For a long time, the story of the Kindertransports, which in 1938/39 enabled some 10,000 young Jews to escape the German sphere of influence and reach Great Britain, lay in the shadow of historical research on the Holocaust. Today, in addition to memoirs and autobiographical testimony, the first scientific works on Kindertransports have been published. "Kinder" living today around the world have come together and spoken, and drawn the attention of noted international congresses. In 1989, Bertha Leverton organized the first "Kindertransport" reunion in London and brought the experiences of Kindertransportees into collective public awareness with the anthology I Came Alone. Since then, the public has taken note of this chapter of history through film and television documentaries. "Kinder" memoirs, such as Gideon Behrendt's Mit dem Kindertransport in die Freiheit, have penetrated the public consciousness.
The Kindertransport also has received interdisciplinary attention at the Center for Research on Anti-Semitism at the Technical University in Berlin and at the Centre for German-Jewish Studies of the University of Sussex in Brighton, under the directorship of Edward Timms. Together, these institutions engendered a workshop in June 2001 in Brighton and an international conference in Berlin in 2002, where the results of research were presented illuminating the theme from the perspectives of literature and sociology, history and psychoanalysis. A conference in London following the workshop in Brighton 2001 and a panel discussion within the framework of the Berlin conference in 2002 brought researchers together with former Kindertransport participants; papers from this conference were published in the German book Die Kindertransporte 1938/39: Rettung und Integration, edited by Wolfgang Benz, Claudia Curio, and Andrea Hammel (Frankfurt am Main: Fischer Taschenbuch Verlag, 2003)—the first product of common efforts to prevent this theme from falling into oblivion. The articles in this special issue of Shofar are based on the book.
We owe our thanks to the Stiftung Luftbrückendank and the Axel Springer Foundation in Berlin, which made the conferences and the resulting contribution of the book possible through generous contributions covering organizational and transportation costs. We are also grateful to the British Academy for its support of the project on "The Kindertransport Children: Identity, Adaptation and Trauma" at the Centre for German-Jewish Studies.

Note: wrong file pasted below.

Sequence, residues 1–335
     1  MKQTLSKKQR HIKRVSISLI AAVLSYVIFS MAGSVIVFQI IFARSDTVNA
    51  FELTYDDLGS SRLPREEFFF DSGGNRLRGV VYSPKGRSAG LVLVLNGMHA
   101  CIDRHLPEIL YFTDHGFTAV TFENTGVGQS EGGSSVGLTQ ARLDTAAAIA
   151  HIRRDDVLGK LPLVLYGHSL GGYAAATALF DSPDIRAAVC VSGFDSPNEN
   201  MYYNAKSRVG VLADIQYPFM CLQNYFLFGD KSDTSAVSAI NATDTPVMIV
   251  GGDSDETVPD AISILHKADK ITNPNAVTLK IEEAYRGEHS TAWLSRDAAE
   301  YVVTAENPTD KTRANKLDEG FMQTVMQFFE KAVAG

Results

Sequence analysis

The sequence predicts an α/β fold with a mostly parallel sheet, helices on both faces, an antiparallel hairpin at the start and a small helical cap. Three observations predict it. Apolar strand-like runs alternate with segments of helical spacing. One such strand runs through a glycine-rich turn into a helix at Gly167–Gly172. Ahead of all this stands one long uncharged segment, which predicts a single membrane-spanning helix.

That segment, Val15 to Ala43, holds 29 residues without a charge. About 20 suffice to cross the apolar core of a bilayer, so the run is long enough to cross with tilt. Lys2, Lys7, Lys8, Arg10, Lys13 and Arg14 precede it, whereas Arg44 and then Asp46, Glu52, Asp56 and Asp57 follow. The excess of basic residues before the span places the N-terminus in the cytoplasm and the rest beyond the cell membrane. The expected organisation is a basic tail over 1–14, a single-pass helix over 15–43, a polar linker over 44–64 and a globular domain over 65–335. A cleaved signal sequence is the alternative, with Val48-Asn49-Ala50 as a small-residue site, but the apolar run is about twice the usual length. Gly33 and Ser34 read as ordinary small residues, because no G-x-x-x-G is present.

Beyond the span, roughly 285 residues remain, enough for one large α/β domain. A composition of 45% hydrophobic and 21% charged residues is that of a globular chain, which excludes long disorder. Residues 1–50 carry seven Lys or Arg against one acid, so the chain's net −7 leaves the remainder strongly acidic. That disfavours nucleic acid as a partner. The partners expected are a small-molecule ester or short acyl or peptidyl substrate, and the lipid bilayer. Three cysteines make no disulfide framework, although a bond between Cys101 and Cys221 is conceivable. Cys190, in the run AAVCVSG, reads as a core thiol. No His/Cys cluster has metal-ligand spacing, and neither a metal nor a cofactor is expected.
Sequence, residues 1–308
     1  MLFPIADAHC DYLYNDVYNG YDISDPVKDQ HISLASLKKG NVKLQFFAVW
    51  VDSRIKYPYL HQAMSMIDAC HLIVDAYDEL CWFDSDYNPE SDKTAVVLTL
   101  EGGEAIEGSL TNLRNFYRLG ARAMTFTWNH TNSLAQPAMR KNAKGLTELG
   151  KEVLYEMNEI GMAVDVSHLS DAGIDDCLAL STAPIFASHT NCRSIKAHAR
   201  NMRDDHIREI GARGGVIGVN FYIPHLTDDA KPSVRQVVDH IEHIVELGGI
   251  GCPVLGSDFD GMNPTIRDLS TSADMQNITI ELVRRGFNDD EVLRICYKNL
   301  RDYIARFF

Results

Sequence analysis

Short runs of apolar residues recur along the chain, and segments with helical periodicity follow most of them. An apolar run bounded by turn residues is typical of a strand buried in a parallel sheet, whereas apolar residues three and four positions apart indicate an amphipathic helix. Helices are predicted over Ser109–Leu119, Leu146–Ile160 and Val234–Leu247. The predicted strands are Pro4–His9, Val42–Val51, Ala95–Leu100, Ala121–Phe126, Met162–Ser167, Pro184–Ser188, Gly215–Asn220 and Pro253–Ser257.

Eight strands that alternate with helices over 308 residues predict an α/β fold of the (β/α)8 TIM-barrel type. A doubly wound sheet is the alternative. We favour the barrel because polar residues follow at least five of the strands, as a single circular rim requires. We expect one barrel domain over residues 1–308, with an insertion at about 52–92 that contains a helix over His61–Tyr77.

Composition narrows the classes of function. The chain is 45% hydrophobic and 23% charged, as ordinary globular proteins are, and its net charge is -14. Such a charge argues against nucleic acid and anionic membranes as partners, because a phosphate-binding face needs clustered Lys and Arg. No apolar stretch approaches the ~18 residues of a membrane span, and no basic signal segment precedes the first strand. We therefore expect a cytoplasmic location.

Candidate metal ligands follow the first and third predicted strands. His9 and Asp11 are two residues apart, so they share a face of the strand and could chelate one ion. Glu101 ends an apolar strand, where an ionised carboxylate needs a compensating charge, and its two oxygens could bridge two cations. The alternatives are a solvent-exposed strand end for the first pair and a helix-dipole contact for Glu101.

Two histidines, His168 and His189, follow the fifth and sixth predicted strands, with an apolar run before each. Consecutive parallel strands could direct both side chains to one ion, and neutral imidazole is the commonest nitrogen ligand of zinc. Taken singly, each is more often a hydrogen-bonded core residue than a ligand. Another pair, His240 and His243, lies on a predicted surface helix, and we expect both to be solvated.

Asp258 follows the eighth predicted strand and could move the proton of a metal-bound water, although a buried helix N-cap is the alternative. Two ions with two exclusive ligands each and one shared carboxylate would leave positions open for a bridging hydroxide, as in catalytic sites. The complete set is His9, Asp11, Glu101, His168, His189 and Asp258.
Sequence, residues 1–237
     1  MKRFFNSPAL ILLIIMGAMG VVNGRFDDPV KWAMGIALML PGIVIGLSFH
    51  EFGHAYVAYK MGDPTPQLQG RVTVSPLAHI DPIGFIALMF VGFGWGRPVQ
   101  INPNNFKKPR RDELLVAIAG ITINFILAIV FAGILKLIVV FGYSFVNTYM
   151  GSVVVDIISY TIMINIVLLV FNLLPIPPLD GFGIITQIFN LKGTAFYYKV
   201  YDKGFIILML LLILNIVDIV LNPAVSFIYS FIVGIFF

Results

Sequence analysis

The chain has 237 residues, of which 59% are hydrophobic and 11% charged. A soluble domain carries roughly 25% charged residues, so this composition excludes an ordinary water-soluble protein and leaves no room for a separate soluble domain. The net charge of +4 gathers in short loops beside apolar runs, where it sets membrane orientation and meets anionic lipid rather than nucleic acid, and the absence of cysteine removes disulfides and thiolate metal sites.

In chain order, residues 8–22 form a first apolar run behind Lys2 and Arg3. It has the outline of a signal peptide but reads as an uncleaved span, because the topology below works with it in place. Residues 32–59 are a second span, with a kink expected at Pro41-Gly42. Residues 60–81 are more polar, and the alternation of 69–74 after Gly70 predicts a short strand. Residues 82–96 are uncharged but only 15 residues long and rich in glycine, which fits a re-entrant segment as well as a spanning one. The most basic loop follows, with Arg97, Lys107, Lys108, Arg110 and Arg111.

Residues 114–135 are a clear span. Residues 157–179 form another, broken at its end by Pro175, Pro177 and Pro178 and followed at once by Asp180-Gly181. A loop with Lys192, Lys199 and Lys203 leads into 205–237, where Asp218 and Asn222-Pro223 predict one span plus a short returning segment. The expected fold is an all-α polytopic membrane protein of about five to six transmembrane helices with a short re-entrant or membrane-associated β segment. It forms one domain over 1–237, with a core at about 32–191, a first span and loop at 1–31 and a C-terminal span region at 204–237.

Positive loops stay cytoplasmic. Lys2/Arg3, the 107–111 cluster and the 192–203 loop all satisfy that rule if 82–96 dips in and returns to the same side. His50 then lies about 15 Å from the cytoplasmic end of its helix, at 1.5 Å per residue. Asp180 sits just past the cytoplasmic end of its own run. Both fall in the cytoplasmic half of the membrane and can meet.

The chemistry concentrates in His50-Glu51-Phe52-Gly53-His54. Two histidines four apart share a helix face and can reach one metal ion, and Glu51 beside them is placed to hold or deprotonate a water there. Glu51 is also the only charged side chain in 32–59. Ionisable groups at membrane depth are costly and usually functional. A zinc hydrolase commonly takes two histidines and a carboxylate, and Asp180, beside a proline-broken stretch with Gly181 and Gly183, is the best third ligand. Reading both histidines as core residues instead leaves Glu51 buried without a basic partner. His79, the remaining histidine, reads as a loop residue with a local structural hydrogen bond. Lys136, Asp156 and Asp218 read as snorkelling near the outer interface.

Wolfgang Benz, born in 1941, historian, professor at the Technical University of Berlin and director of the Center for Research on Anti-Semitism. His numerous publications deal with German history of the 20th century.
Claudia Curio, born in 1971 in Berlin, studied history and sociology in Vienna and Berlin and at the University of Essex, England. Since 2000 she has been a doctoral candidate at the Center for Research on Anti-Semitism and archivist at the Center for Research on Anti-Semitism. In 2003/2004 she was Charles Revson Fellow at the Center for Advanced Holocaust Studies, United States Holocaust Memorial Museum, Washington DC. She has numerous publications, above all on children in exile in Britain.
Andrea Hammel, born in 1968 in Giessen, studied German literature, comparative literature, and sociology. Since 1998 she has been a research fellow of the Centre for German-Jewish Studies. She is co-editor of The German-Jewish Dilemma: From the Enlightenment to the Holocaust and Writing after Hitler: The Work of Jakov Lind. Her research focuses on texts by female writers in exile, and autobiographies of former German-Jewish refugees. Publications on Hilde Spiel, Ruth Klüger, Jakov Lind, Silvia Rodgers and Selma Kahn. Supported by the British Academy, she worked on a database of autobiographical material from former Kindertransportees in England and is now engaged in an AHRB-funded project on a database of all archival materials relating to German-speaking refugees (1933-50) in Great Britain.